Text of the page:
|Title||A NEW CLASS OF HIGHLY ABSORBED PERSISTENT HMXB|
|Author||Dr Roland Walter|
|Description||To date more than 40 new bright hard X-ray Galactic plane sources have been discovered with INTEGRAL, and 10 of them have follow-up observations with XMM-Newton or Chandra. In most cases, the X-ray data exhibit slow pulsations, and the absorbing column density appear much larger than expected in the Galaxy or in front of the companion star. Many of those sources are persistent and seem to belong to a new class of HMXB, with a slow pulsar orbiting in a dense circumstellar material or within the companion stellar envelope itself. The goal of this proposal is twofold. We propose (1) to observe several additional persistent new INTEGRAL sources and (2) to study more in depth a few already studied sources.|
|Publication||No observations found associated with the current proposal|
|Instrument||EMOS1, EMOS2, EPN, OM, RGS1, RGS2|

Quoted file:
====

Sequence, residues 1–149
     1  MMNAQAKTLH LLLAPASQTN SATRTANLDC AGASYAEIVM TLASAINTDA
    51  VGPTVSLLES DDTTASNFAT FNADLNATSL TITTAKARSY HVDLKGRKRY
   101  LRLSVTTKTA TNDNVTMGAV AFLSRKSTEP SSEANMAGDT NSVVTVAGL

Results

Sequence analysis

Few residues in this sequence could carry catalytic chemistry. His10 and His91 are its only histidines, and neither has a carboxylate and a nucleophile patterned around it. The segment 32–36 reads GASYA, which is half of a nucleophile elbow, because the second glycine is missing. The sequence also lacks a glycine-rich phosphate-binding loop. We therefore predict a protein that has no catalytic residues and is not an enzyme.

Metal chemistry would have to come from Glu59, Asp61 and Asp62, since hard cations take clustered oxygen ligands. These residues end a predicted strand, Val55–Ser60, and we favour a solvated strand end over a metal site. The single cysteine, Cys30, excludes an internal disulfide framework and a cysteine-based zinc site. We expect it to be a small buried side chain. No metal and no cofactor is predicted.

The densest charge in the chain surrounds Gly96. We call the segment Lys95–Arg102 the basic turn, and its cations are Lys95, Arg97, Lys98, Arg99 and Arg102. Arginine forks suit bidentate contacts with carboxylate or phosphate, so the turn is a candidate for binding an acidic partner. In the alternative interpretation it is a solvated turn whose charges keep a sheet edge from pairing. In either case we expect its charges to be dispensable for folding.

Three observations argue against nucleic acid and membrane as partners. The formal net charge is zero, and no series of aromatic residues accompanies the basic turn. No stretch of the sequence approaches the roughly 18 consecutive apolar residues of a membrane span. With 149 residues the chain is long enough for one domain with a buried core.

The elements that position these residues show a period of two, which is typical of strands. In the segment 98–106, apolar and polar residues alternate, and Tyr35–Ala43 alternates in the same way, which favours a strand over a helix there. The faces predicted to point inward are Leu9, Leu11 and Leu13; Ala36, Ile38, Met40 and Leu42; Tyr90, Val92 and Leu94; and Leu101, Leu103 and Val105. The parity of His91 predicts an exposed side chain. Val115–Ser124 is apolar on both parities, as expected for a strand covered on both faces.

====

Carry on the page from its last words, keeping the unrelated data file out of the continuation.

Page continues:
|Mission Description||The European Space Agency's (ESA) X-ray Multi-Mirror Mission (XMM-Newton) was launched by an Ariane 504 on December 10th 1999. XMM-Newton is ESA's second cornerstone of the Horizon 2000 Science Programme. It carries 3 high throughput X-ray telescopes with an unprecedented effective area, and an optical monitor, the first flown on a X-ray observatory. The large collecting area and ability to make long uninterrupted exposures provide highly sensitive observations.
Since Earth's atmosphere blocks out all X-rays, only a telescope in space can detect and study celestial X-ray sources. The XMM-Newton mission is helping scientists to solve a number of cosmic mysteries, ranging from the enigmatic black holes to the origins of the Universe itself. Observing time on XMM-Newton is being made available to the scientific community, applying for observational periods on a competitive basis.
|Publisher And Registrant||European Space Agency|
|Credit Guidelines||European Space Agency, 2007-05-31T00:00:00Z, 030617, 17.56_20190403_1200. https://doi.org/10.5270/esa-hxfknyc|